There are movements to put trigger warnings on college texts. http://www.theguardian.com/books/2014/may/19/us-students-request-trigger-warnings-in-literature
I received this comment on my blog about the origin of TWs. I thought it was interesting.
“The term “trigger warning” came about as a way to protect survivors of sexual assault. We began using the term in a chat room that I moderated back in late 1995 or very early 1996. People looking for support would read each other’s stories. The graphic nature would sometimes trigger flashbacks and sleepless nights. We adopted the method of writing the term very early on and it was followed as “TW” almost immediately.”
Good question, Steve…as are most of your questions.
As suspicious as I am about anything new and trending, I think I have a bit of insight about trigger warnings.
First off, I have yet to read or hear anything about trigger warnings vis-a-vis fiction, or books in general. Yet. I’m sure it’s coming. Mostly I run into the trigger warnings on videos or the like. And film ratings already tell us something about what we might encounter in a film: Rated R: includes Nudity, sex, violence, smoking, and bad dental care. You know the sort of thing.
However, I have two really good friends who suffer from Post-traumatic Stress Disorder. One has yet to tell me about what happened. The other was involved in a peace protest that was rather viciously broken up by IDF troops. Not only was the trauma of that bad, but then on her return to the US *nobody* believed that such a thing could have happened.
I have watched a number of movies with the first friend with no bad effect, but my second friend will occasionally go into a bad reaction when something parallel to her experience hits her. So yes, things we watch have triggered her, and you’d be surprised at how remote from her actual experience they can be.
I think the best comparison is the allergy warning on foods, for example warning people that something contains nuts or shellfish. As someone who wheezed and broke out all over the last time I ate shrimp, I can only appreciate that someone is giving me a heads up. I also suppose warning someone who has been raped that there is a scene of attempted rape in a film might be similarly helpful.
That being said, if trigger warnings aren’t yet overdone, I am sure they will be soon. I think it’s people meaning well.
That being said, I wouldn’t worry about it. All voluntary.
I think I’m going to come out against trigger warnings–I understand why they exist, and having content in a book/movie etc that makes one re-live exceedingly traumatic experiences is obviously not pleasant for those for whom a trigger is triggered. Sentences like my last are a trigger for me. ./not funny, as per OP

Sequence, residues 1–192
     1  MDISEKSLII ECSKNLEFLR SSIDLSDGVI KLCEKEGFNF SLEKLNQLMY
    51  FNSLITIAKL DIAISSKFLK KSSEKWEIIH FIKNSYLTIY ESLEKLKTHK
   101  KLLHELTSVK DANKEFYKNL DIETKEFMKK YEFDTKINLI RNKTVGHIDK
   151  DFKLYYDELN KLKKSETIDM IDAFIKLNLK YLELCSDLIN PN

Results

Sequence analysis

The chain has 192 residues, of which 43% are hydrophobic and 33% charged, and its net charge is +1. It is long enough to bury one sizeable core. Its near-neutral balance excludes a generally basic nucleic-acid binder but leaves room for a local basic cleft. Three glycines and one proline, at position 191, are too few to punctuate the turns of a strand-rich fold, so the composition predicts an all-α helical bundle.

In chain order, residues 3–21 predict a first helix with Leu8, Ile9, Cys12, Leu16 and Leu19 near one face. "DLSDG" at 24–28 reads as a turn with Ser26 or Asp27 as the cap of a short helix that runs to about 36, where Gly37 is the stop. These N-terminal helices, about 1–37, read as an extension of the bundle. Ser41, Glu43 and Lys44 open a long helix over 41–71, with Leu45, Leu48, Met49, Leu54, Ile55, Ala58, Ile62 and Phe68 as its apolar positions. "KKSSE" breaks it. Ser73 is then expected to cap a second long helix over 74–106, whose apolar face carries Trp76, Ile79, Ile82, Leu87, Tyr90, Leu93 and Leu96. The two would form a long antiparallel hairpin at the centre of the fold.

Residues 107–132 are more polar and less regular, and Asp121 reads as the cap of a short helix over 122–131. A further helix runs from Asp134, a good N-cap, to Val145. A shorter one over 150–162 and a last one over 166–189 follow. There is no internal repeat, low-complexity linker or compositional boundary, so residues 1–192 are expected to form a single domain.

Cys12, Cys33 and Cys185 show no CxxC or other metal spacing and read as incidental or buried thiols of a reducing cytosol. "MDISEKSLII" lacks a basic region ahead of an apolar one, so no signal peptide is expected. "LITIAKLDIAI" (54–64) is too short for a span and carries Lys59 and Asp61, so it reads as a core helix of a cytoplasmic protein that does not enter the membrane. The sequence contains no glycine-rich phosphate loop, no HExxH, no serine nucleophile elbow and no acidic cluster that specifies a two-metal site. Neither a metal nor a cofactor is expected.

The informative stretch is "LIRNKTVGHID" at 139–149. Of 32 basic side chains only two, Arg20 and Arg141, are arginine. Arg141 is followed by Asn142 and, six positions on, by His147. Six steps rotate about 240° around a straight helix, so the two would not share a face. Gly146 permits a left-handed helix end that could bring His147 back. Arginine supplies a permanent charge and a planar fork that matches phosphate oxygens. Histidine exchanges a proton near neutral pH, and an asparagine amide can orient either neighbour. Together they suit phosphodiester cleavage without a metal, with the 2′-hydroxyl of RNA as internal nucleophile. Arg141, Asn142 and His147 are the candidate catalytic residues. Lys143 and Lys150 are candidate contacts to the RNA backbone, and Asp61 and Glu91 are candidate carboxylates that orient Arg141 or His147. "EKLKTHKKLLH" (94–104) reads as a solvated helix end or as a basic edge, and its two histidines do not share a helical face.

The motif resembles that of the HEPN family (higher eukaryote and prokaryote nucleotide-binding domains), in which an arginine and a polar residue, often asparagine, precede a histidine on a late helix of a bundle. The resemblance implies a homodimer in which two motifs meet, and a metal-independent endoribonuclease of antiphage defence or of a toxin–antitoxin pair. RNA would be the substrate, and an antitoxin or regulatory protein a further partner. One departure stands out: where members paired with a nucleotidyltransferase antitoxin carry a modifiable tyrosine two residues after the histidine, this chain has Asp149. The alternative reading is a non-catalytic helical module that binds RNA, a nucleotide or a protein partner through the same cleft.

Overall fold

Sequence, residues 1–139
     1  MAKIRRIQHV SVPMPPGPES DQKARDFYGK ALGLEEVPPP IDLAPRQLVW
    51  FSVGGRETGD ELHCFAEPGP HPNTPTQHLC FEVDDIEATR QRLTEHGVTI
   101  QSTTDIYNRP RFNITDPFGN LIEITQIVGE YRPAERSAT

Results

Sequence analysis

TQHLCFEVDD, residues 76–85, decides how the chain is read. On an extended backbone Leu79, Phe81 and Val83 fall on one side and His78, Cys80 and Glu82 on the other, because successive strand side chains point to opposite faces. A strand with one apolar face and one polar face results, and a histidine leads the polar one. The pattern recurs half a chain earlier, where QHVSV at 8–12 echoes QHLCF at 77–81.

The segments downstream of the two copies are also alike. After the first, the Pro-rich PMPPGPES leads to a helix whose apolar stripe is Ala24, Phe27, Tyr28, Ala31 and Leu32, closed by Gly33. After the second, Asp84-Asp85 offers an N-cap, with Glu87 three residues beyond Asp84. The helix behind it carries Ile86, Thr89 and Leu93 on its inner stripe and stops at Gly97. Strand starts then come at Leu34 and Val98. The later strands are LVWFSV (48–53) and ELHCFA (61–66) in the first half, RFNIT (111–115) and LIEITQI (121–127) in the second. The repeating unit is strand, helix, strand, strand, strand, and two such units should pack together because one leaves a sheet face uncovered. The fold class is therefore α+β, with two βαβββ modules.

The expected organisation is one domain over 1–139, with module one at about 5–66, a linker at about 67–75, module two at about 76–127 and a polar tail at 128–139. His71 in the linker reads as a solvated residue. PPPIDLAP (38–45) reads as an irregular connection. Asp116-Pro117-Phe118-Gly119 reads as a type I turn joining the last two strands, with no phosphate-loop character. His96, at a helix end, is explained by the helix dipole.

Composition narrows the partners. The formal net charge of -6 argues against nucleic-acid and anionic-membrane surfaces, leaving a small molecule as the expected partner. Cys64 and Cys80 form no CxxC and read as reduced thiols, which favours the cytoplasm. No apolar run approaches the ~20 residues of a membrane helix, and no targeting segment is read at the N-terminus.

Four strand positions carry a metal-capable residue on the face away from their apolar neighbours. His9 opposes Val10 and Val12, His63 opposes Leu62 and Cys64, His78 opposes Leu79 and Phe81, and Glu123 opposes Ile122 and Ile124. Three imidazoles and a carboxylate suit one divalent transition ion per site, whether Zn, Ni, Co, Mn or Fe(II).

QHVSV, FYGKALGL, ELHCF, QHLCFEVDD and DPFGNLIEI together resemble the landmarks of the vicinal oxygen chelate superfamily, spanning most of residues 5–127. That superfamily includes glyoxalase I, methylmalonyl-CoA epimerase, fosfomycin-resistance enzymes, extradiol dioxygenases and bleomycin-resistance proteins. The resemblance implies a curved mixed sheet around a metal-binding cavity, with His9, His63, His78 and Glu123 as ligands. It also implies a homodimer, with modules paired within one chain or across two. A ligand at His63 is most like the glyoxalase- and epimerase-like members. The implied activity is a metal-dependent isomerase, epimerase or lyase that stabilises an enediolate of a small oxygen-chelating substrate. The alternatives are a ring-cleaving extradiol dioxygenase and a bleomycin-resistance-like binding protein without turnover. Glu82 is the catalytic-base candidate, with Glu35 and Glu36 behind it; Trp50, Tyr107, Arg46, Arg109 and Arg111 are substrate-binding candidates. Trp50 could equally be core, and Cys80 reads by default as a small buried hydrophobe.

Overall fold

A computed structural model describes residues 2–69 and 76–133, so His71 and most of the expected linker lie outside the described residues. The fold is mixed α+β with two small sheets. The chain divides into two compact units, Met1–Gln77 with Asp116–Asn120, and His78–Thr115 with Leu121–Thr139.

If you have a trauma you’re needing to protect, ostensibly you can 1) see the signs coming and interrupt the activity that’s doing it–PARTICULARLY when it’s a book, or a TV show or whatever. Just put the book down. Turn the TV off. Return to it when you’re good and ready. Or don’t return to it.
I don’t want to see my books coming with freaking 2 pages of trigger warnings notes for all the butterflies who can’t stand scenes of flossing, because that’s where this will eventually go. Furthermore, those warnings may contain spoilers. Obviously, I won’t be reading them, regardless, but still.
When I read something that triggers me, I have coping mechanisms in place to mitigate and eventually end the response–if I can’t fix it, then I shouldn’t get into the situation in the first place. Please remember the context is READING here, not going out to a bar or something.
But more important than anything is this fact: ultimately speaking, hiding and protecting yourself is no way to heal. The only way to move on is to move on, and yes, that might involve some potholes on the road which might seem to set you back. If your trigger is unmanageable, go get some professional help instead of casting your cross onto all those around you, such as authors and other creative types for whom the act of creating might very well be THEIR coping mechanism.
The issues of TWs in writing fiction are very different than in the classroom, to be sure. I’ve been irritated when seeing other educators saying, “oh no, we can’t give spoilers!” I’m not trying to entertain my students.
But you authors are, in fact, trying to “entertain” (in the broadest possible terms). I can see it being a very different set of calculations for you.
@Jon Carey — Really?! You can handle *stuff*, so anyone and everyone else should be able to? That’s what you’re going with? That’s just precious.